ST. LOUIS — The shirts are all over Twitter, and have peppered the seats of Busch Stadium all season. On the front, a backwards K, the symbol of a looking strikeout in baseball books. Stretched out below it, the word cancer. On the inside is a quote from Roberto Clemente, reading, “Any time you have an opportunity to make a difference in this world and you don't, then you are wasting your time on Earth.”
St. Louis reliever Jason Motte came up with the idea for the shirts, and has done his best to live by the words inside them.
Motte has worked tirelessly to raise awareness and money in the fight against pediatric cancer, hosting fundraisers in St. Louis and Memphis, Tennessee, representing Cardinal Glennon's Homers 4 Health and K's for Kids initiatives, working with the Susan G Komen Race for the Cure and volunteering for local nonprofits.
Tuesday, Motte was nominated for the Roberto Clemente Award, designed to honor an MLB player who best represents the game of baseball through contributions on and off the field.
“This is something that we love to do. Me and my wife do the brunt of everything, it’s pretty much me and her doing a lot of it,” Motte said. “With 108 [Stitches] helping out and I know the [Player’s Association] has helped out a ton this year getting different guys and stuff like that.”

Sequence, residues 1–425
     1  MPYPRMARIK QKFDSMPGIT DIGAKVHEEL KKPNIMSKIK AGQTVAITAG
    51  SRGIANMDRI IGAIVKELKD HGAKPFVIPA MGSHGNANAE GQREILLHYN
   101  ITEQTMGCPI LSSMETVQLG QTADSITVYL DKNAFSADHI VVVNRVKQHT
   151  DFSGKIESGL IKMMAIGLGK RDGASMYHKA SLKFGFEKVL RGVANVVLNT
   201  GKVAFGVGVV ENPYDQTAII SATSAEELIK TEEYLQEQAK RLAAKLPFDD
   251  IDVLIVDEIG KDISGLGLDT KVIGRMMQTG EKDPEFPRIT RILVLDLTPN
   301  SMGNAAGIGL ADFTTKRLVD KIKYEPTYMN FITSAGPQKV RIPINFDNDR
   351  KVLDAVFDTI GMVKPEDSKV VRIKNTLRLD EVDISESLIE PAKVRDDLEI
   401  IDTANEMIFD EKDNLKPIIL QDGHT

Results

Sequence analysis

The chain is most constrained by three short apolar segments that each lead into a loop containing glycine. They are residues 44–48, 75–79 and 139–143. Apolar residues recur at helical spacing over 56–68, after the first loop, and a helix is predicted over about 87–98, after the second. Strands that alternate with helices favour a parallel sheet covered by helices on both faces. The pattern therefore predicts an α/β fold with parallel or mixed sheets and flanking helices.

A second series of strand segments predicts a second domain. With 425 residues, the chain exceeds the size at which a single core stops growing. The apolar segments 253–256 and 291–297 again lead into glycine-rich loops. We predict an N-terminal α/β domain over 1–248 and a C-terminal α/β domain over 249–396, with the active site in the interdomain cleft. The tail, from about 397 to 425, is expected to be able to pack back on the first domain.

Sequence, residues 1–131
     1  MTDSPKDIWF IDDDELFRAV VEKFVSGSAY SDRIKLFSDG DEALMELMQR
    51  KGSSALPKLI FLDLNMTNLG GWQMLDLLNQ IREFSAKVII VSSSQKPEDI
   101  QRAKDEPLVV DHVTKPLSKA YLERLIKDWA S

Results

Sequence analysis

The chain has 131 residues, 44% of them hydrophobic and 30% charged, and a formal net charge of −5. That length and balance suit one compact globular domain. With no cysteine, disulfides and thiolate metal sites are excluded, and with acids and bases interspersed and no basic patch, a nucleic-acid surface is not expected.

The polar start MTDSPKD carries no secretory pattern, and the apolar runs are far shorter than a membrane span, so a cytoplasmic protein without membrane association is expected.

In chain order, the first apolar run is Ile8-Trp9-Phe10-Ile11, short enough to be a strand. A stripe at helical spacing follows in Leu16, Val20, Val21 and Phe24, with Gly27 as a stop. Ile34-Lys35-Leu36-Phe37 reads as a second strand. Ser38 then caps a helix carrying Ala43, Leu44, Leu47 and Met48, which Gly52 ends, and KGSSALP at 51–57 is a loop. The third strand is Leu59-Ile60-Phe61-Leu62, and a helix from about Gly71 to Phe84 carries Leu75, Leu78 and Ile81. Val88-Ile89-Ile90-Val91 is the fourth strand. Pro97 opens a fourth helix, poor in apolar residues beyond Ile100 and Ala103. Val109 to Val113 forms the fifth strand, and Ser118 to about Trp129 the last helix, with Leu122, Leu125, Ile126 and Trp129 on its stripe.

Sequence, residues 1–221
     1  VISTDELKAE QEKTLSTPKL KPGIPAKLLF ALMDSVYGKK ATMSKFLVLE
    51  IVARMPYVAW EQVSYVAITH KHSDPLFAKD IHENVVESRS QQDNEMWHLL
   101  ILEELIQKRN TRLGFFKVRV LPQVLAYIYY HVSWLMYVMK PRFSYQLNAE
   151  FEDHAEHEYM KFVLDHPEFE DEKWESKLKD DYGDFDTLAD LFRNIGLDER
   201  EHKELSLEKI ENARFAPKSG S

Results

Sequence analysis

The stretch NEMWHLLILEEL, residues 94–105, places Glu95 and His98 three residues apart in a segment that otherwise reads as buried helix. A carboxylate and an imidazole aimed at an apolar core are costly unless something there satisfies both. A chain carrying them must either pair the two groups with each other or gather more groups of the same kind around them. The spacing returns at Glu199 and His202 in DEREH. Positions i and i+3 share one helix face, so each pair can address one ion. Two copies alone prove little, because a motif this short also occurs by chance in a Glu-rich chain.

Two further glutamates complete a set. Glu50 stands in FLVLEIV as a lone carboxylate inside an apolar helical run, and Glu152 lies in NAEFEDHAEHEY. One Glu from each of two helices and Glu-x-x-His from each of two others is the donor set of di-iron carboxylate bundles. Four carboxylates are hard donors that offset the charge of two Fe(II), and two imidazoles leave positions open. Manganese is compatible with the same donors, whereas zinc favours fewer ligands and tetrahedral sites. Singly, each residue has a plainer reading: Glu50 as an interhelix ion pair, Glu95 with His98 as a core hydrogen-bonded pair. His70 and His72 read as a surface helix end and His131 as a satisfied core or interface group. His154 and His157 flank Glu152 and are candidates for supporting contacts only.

The K Cancer shirts are by far the most visible manifestation of Motte’s work, stretching across the country and appearing in every stadium in baseball.
For more information, visit JasonMotteFoundation.org
The Strikeout Cancer initiative, begun during Motte’s season off as he recovered from surgery, grew to a fever pitch in 2014, culminating in Strike Out Cancer Night across the entire league on September 2.
Proceeds from that night were split between the Jason Motte Foundation and a cancer-based charitable organization chosen by a player from each team. The demand was so high the website crashed twice, according to Motte.
“It shows there’s some stuff that’s kind of bigger than the game out there,” he said, noting the contributions of the other Clemente Award nominees. “You look at all the guys who are nominated and these guys do some really great stuff. They’re all pretty good ball players, but it’s important to them to help others.”
Every team in the league nominates one player, and Motte’s work in the fight against cancer (ongoing since 2010) has made him the club’s 2014 choice. The Cardinals have a recent winner in Carlos Beltran, who was honored for his work with his baseball academy in Puerto Rico along with his foundation’s work in the St. Louis area. In discussing the nomination, Motte mentioned Beltran a couple of times, pointing to the long history the Cardinals have of players working even harder off the field.
“Me and Carlos were talking last year and he made a point that you make time for what you want to make time for,” he said. “This is something that’s important to me.”
Motte is tireless in his engagement of supporters on Twitter, and makes time every game to meet and greet guests in the dugout. His work has taken him to hospitals around the country, and has made him a national figure even in a season that his seen his appearances on the field diminish.
“Being recognized for it is pretty cool, but we do it to help people. That’s what it’s all about,” he said. “We do it to help the ones on my wrist,” he paused to point at the bracelets running up his forearm. “I’ve got a bat there, I’ve got about 70-75 bracelets in my car.”
Fans can vote on which a recipient for the award by going to ChevyBaseball.com. Voting ends October 6.